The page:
I was in a couple of bands in college, hastily concocted for the purpose of participating in the annual Battle of the Aforementioned, put on by the college radio station, KUMM (University of Minnesota, Morris being my alma mater). Which charmingly billed itself as the only radio station that put KUMM in your ear. The first band, the Stanley's House of Doors Band, was not very imaginatively named for the large, dilapidated, and mystifyingly over-endowed with doors rental house that all of we members lived in.
Indeed this band took first place at that year's Battle of the Bands with a set of covers and originals, a few of the latter bearing lyrics written by me. This band also later prompted one of those small world moments when I was sitting smoking a cigarette on the steps of my brother's apartment in Minneapolis and some friend of one of his fellow tenants looked strangely at me and then said "Stanley's House of Doors Band!"
The next year two of the members of that band had moved on to brighter lights and I joined my roommate in forming a new band. (We now lived in a rental trailer-home lot some enterprising slum lord had erected on the edge of town, a truly dismal little hovel up on cinder blocks, it's grim semiotics fully ameliorated by the fact that my rent there was $110 a month in 1993-1994, plus propane for the gas heater. We put heavy plastic over every window come winter and proceeded to smoke, heavily and unrepentantly, until my girlfriend (the one that came after the one I get into below) refused flatly to visit me at home any more. My roommate gave them up later in the winter. Not too long prior the school had finally banned smoking in the last few holdout spots indoors and one of the other former Stanley's Etc. bandmates, who was working maintenance crews in the summer, brought me one of the giant, silver, wall mounted ashtrays that had been stripped from the walls, a button beside the bifurcated tray to open its halves out and dump the accumulated butts into the bullet-shaped reservoir below. This I bolted to the side of the slight deck and staircase set against the side (and only) door and proceeded to smoke outside in the midst of a genuinely heinous winter on the prairie, so as to be a better influence). The name of the band was Crackspine, its genre was Hardcore, and I gamely endeavored to write hardcore lyrics in the spirit of the thing. I had a wretched case of bronchitis during the Battle of the Bands and we did not win.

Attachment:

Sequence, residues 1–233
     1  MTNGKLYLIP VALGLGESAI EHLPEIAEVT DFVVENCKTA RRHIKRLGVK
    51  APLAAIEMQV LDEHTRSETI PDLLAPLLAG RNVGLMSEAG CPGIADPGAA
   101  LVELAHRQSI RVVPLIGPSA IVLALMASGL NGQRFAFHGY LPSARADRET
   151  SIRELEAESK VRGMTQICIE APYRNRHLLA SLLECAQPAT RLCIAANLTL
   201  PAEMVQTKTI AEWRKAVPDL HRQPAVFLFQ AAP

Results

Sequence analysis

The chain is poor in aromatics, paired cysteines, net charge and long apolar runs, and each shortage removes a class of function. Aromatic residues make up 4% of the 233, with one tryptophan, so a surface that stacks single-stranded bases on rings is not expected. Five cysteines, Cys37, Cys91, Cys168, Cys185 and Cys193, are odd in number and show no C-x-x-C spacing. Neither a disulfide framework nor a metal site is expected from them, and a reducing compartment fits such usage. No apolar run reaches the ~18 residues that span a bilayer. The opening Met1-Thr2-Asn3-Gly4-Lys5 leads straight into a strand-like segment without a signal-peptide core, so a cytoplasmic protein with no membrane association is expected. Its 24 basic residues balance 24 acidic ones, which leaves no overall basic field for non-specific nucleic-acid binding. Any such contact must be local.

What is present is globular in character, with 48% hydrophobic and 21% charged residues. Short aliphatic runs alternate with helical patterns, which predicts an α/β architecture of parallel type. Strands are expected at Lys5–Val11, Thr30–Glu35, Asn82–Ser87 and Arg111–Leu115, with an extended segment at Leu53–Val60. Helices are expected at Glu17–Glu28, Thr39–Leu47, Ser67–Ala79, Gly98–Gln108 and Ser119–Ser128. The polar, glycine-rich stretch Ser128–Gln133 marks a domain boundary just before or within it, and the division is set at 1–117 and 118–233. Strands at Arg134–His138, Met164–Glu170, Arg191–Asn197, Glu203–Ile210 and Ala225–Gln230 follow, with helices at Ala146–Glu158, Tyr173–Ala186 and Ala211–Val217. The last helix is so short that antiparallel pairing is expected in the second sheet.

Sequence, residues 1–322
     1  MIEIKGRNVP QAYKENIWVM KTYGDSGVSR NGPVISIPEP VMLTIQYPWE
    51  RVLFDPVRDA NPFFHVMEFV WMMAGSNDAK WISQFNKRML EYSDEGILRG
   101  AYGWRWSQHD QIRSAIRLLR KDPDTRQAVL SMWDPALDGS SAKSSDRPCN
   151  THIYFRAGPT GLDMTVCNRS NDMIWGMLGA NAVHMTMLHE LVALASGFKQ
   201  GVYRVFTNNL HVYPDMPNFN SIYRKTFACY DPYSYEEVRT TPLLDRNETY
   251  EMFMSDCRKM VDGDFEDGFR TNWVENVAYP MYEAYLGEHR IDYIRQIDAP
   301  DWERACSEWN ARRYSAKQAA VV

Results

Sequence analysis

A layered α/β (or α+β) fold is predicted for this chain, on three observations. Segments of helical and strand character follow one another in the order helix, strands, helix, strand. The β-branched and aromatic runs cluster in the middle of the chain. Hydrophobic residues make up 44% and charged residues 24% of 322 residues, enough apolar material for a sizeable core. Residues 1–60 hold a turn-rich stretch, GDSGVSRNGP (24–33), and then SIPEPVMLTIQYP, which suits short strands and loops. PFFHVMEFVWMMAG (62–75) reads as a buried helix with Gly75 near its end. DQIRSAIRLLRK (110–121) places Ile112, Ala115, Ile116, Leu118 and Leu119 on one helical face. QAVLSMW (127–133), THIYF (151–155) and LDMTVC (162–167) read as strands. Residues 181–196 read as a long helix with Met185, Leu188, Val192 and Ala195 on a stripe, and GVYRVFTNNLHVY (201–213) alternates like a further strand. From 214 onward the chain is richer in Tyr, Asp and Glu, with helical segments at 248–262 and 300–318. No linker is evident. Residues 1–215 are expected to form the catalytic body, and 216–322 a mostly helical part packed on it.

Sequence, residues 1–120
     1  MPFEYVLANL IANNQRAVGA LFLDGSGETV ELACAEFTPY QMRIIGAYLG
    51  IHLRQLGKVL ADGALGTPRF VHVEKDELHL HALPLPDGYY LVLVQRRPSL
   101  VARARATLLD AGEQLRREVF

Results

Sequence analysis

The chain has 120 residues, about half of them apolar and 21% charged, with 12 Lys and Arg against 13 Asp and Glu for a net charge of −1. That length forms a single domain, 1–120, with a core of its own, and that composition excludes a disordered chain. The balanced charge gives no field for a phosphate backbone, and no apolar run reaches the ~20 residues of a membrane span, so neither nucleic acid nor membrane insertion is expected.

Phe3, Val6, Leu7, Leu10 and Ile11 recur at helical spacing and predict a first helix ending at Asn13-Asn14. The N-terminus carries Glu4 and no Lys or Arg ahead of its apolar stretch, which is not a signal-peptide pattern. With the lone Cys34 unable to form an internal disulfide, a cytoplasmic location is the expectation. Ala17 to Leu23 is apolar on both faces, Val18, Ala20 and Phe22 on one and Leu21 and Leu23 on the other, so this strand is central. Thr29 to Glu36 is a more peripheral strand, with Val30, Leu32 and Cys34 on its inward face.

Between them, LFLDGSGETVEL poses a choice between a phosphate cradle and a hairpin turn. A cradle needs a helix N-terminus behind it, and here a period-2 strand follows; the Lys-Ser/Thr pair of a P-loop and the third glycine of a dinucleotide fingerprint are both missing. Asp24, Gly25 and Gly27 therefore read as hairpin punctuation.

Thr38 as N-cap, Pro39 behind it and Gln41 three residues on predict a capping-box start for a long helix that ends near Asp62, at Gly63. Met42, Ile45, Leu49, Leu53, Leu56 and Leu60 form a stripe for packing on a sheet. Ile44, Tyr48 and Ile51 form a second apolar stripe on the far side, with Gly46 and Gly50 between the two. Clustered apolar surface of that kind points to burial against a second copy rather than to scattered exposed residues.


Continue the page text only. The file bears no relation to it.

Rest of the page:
Somewhere before or in and along this thing I wrote a series of connected, vaguely narrative songs called The Masks, so named for their extraordinarily clichéd central metaphor. These were inspired by a break-up, naturally, the same one that spawned the last two of the Journal Songs. In retrospect that relationship was fairly misbegotten and I was lucky to be out of it and would probably have been better off if it's total duration had been shortened by about two thirds but of course it was my first serious college relationship so I was unclear on these realities at the time.
Such as they are, then, these songs. Some were nearly lost, I dug out of the inexorably decaying disk-based data archives a rough rip from analog (VHS, to be precise) of that long ago triumphant Battle, which had been missing for a couple years now, and was in quite literally the last place I had to look. Which allowed me to transcribe a few that I'd lost all written record of. Whatever the lyrics may represent in themselves, this was the first time I really intentionally set myself to serially writing verse to be sung, and I suppose I never really stopped.
You can read an explanation of the origin of these lyrics here